Millennials need a place to live—and it’s not only home builders who stand to benefit. Shares of Invitation Homes , which rents houses in residential hotspots, look like a winner.

Factors like low mortgage rates, remote work, and an intensified focus on house hunting have contributed to the housing market’s pandemic-era boom in demand, while a limited supply of homes for sale created additional competition.

But the case for housing goes beyond the pandemic, says Jeffrey Kolitch, portfolio manager of the Baron Real Estate Fund (ticker: BREIX) and Baron Real Estate Income Fund (BRIIX). “More and more people are going to prioritize owning or renting their own home in the years ahead,” he says.

Kolitch is bullish on residential real estate in multiple forms. The Baron Real Estate Fund, which has outperformed its peers over the past three, five, and 10 years, owns shares in several companies related to the purchase of the residential real estate, including those involved in new-home construction and housing technology. But it also owns shares in rental REITs, including Invitation Homes (INVH). The REIT comprises 2% of the fund’s net assets.

Founded in 2012, Invitation purchases houses and leases them to renters. As of the end of June, the company owned more than 80,000 homes, the greatest concentration of which were in the western U.S. and Florida. The average Invitation home was 1,870 square feet—smaller than the average new single-family home in 2020—and has three bedrooms and two bathrooms, according to the company’s most recent earnings report. In the second quarter, its average monthly rent was $1,943, higher than the national average of $1,704, according to Zillow.

When compared to most types of REITs, the single-family category is a relative newcomer, Kolitch says. “We don’t think it’s been fully welcomed to the public market yet,” the manager says. Invitation, which went public in 2017, recently traded at 25.6 times its projected funds from operations over the next 12 months, a favored REIT valuation metric. That’s about in line with multifamily REITs like AvalonBay Communities (AVB) and Equity Residential (EQR), and lower than single-family rental REIT American Homes 4 Rent (AMH).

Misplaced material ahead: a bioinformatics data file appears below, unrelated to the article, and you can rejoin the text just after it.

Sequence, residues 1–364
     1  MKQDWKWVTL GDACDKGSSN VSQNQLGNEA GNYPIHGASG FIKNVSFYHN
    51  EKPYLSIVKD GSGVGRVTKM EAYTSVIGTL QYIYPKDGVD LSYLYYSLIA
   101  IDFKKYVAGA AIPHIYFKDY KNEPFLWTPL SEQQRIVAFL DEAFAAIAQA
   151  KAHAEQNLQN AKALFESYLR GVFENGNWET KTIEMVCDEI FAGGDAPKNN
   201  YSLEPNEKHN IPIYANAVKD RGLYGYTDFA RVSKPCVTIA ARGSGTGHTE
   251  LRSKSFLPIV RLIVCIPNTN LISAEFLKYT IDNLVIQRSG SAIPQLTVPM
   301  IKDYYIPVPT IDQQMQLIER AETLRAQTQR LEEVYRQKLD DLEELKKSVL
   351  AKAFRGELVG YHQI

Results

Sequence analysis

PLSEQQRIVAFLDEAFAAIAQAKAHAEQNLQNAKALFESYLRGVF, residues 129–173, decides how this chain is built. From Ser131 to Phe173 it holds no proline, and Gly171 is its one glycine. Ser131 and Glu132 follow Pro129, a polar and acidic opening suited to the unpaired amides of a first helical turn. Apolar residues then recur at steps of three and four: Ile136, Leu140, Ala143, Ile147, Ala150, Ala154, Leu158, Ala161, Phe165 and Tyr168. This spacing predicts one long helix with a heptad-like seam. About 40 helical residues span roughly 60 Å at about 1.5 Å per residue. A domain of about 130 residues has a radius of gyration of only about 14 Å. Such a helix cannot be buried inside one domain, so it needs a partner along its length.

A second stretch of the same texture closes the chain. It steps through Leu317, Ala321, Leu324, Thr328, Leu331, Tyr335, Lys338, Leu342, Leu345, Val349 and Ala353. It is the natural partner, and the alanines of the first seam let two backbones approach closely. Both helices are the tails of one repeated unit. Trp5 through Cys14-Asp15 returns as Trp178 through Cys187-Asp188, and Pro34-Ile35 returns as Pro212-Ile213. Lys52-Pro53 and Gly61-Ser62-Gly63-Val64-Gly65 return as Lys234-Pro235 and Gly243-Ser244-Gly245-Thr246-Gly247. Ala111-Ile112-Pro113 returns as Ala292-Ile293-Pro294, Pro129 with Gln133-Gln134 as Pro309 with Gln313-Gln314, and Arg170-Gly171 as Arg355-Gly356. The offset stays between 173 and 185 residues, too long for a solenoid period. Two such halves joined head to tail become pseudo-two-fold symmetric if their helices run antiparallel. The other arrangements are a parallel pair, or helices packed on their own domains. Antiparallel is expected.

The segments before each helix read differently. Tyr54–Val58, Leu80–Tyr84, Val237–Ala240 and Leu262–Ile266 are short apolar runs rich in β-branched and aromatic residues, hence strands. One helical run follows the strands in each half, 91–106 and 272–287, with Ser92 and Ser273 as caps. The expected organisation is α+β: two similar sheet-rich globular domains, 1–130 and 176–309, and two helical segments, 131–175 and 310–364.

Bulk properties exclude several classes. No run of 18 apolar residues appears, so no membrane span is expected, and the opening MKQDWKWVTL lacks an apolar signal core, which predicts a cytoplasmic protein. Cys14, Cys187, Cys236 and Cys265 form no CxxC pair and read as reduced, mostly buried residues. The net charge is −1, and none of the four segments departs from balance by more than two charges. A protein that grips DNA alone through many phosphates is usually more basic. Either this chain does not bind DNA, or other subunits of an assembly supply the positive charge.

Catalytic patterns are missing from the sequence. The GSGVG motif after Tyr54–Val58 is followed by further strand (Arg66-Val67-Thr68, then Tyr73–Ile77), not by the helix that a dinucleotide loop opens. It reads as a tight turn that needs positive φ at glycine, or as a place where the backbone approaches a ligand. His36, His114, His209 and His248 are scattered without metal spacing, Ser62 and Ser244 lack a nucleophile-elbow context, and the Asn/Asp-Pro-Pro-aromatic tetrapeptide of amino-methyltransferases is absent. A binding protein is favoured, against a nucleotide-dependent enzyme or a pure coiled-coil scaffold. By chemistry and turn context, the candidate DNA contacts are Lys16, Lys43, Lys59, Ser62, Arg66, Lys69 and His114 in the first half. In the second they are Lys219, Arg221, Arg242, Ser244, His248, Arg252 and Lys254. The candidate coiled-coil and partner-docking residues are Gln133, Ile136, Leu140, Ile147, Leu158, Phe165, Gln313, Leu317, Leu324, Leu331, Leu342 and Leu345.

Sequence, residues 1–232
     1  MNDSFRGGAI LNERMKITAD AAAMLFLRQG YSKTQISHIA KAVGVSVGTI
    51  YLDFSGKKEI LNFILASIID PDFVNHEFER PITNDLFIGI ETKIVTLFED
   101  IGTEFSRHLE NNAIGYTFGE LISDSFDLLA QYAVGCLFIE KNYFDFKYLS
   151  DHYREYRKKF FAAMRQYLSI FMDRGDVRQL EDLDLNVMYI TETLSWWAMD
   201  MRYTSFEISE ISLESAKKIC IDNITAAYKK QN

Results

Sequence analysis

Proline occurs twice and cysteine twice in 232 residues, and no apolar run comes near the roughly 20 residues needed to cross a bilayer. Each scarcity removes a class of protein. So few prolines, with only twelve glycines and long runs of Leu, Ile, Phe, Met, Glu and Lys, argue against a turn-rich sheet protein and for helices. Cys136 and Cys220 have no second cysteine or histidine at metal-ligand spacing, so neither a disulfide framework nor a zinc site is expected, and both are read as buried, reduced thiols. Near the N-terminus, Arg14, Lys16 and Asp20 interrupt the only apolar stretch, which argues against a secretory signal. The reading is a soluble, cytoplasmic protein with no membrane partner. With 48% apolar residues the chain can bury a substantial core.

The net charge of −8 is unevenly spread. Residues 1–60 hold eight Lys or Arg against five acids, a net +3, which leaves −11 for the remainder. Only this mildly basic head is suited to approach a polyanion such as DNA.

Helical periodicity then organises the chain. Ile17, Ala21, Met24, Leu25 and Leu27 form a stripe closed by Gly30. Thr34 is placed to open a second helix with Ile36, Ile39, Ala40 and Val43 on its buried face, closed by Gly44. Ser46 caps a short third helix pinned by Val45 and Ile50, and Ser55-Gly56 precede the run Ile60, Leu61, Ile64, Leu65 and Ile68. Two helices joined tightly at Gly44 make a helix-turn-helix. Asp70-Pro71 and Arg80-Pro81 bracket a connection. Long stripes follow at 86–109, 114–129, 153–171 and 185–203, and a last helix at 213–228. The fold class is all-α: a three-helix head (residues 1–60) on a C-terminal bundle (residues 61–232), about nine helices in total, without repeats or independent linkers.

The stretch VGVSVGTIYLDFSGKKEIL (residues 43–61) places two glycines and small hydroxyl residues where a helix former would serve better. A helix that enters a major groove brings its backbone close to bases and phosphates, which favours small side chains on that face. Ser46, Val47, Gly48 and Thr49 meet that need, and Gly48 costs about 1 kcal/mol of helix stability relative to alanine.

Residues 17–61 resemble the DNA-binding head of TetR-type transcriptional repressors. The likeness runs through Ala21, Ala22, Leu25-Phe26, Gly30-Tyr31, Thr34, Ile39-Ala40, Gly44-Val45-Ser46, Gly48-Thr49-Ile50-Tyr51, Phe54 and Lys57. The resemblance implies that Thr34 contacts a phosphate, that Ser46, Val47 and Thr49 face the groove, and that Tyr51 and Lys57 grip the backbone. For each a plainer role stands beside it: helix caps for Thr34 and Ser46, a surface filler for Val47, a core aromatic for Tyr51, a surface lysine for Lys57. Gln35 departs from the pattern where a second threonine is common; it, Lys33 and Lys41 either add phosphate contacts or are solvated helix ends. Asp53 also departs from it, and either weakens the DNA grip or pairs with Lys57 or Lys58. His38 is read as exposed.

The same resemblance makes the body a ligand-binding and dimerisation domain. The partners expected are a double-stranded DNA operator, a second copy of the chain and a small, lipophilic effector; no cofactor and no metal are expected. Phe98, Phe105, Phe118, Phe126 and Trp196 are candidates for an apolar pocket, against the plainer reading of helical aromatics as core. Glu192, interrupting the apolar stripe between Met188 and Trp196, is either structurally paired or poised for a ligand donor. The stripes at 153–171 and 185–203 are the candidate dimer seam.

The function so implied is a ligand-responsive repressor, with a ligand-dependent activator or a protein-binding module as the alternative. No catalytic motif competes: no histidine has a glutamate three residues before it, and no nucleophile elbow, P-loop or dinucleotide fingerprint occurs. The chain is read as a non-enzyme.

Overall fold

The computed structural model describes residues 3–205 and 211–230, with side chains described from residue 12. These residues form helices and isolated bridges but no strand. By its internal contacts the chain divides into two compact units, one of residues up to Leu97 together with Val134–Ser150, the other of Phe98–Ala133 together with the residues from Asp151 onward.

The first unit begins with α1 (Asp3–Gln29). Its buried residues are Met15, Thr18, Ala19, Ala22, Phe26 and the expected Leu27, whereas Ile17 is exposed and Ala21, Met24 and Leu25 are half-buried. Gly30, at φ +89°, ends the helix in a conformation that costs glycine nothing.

Younger buyers, in particular, are likely to drive ongoing demand in residential real estate, Kolitch says—and not just as home buyers. Many will choose the flexibility of renting to being tied down to a single location. Invitations’ presence in the Sunbelt region and the west coast position it to benefit from demand for homes in fast-growing, warm-weather markets. “We believe this premier company is zeroing in on the best demographic markets and best supply constrained markets in the entire country,” Kolitch says.

He adds the company could grow its cash flow by about 10% a year through its current holdings and the purchase of new homes, both through its partnership with PulteGroup (PHM) and external acquisitions. That level of growth is more than REITs overall, according to Kolitch.

He says he sees potential for improvement in the company’s cash flow multiple and its dividend—the stock currently yields 1.7%.“If we’re right, we see a path to generating annual [stock price] returns in the mid-teens over the next several years,” he says.

That sounds like a rental to own.

Call Now Button